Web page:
Even after the surgery, for the remainder of our time in Santa Cruz, despite the pain and bed-rest, I continued to feel like Craig and I were on an adventure and kind of felt like I was being spoilt because everything was being done for me. I do admit to cheating a bit in the recovery process... surgery was the Saturday and Monday night we went to the movies... it had to be done. I was walking really slowly, so we left early enough to make up for my hunched over, elderly lady-like gait and went to see The Avengers on the big screen... something we can't do in Trinidad. And while I was a bit uncomfortable near the end of the film, it was worth it. I remember sitting down and thinking about what movie seats used to be like and was so grateful that they had advanced to be so comfortable over the years... they are way more comfortable than airplane seats. 

However, we returned to Trinidad on the Wednesday morning and I tried to keep busy to not think about the implications of the whole previous week... laundry, sweeping out the house, etc. I even went to work the next day, where I learnt I was not actually supposed to be doing those things and I should be actually lying down...and about halfway through the morning I agreed with them. I was wiped out. And the constant activity since returning had made things a lot more painful than they probably needed to be. So Thursday afternoon I stayed in bed, with instructions to not do anything even in the house. And while Bones season 4 kept me busy for that weekend, I couldn't really not think about everything that had happened.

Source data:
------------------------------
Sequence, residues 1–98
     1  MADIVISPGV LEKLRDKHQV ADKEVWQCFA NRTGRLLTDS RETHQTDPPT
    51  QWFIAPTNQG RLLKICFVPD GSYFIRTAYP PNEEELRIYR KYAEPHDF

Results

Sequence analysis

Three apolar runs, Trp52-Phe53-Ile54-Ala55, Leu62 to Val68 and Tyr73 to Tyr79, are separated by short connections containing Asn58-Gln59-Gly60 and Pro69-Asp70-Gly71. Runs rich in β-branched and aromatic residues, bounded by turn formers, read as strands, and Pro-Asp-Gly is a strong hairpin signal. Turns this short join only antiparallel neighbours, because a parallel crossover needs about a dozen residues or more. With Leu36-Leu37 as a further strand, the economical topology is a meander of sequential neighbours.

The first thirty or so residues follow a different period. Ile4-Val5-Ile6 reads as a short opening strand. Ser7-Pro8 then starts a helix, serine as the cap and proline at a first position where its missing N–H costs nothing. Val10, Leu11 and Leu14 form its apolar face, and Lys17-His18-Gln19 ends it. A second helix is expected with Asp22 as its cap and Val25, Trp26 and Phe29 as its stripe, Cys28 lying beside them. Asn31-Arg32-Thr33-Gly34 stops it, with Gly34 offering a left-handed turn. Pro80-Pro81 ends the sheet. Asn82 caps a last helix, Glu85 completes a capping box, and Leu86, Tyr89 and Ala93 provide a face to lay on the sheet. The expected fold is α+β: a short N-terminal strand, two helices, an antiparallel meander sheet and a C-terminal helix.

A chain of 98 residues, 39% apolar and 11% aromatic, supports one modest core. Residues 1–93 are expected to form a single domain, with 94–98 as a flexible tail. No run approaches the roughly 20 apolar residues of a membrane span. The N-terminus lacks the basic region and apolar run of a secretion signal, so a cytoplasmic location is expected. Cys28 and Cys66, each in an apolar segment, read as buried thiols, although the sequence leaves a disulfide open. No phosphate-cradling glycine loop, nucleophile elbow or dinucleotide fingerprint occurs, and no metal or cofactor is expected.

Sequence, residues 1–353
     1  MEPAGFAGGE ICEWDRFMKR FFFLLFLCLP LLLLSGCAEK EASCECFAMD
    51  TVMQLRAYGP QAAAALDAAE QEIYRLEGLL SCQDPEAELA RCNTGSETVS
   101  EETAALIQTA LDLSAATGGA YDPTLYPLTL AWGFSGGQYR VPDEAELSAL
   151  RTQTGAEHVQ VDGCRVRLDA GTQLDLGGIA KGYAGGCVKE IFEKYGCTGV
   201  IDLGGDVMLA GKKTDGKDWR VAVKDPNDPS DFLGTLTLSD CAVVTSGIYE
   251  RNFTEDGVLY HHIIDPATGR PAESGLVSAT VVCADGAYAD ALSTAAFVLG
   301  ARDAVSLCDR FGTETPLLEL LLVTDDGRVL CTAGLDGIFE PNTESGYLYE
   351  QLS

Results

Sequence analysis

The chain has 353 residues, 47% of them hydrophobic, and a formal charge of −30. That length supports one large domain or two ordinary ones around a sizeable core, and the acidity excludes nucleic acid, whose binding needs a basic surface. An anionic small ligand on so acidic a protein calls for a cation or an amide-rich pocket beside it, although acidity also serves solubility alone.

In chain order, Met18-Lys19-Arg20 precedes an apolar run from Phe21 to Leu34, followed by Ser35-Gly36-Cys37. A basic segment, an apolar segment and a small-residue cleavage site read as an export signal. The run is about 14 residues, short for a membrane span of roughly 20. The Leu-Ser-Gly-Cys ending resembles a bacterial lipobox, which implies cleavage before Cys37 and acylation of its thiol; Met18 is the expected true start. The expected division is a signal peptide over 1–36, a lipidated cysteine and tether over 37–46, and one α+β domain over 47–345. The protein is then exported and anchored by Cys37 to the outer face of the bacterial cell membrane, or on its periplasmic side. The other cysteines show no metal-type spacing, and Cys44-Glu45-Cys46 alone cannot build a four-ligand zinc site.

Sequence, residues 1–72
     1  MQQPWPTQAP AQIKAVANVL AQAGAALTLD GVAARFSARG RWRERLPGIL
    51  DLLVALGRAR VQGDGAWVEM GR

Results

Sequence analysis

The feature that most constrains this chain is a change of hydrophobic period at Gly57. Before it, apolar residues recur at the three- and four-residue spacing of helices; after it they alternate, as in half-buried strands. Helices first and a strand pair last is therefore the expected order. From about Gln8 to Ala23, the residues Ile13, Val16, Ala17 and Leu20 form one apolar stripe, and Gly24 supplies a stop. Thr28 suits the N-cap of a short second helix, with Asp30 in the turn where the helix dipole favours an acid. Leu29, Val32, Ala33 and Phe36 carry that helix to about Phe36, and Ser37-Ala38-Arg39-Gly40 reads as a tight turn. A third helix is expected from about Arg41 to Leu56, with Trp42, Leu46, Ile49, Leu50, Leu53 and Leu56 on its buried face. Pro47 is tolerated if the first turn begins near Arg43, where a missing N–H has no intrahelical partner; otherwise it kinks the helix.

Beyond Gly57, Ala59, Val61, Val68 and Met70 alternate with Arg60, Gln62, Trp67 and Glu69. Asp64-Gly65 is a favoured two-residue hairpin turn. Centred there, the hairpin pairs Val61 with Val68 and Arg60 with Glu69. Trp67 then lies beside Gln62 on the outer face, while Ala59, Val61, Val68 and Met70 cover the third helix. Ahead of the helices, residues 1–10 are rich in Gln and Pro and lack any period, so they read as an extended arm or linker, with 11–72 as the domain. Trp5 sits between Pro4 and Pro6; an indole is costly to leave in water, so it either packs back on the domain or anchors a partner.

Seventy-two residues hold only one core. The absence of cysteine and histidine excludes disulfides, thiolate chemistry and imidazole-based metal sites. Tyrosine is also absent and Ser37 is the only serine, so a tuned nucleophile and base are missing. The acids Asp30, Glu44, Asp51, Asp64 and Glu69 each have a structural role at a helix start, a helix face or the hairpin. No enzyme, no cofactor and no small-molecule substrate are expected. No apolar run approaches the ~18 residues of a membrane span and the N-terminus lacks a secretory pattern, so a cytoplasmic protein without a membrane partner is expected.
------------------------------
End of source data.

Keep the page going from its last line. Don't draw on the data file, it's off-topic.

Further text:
I can't have kids naturally... people talk about so many things, but infertility is not one of them. No one tells their daughters that one day they may or may not grow up to be mothers, because they may or may not be able to have children. And while all women who start to try to have a baby acknowledge that "infertility" is out there, no one really thinks that it's going to be their problem... or least I didn't. I was born one month and two days before my parents' first anniversary, so obviously my parents didn't have problems; why would I? I struggled, and still do a little, with feeling a bit like a failure as a woman -- isn't our basic biological purpose to reproduce? -- and I struggled with sadness because I really want a child... but God has taught me a lot over the last couple of weeks and I have felt really helped and encouraged.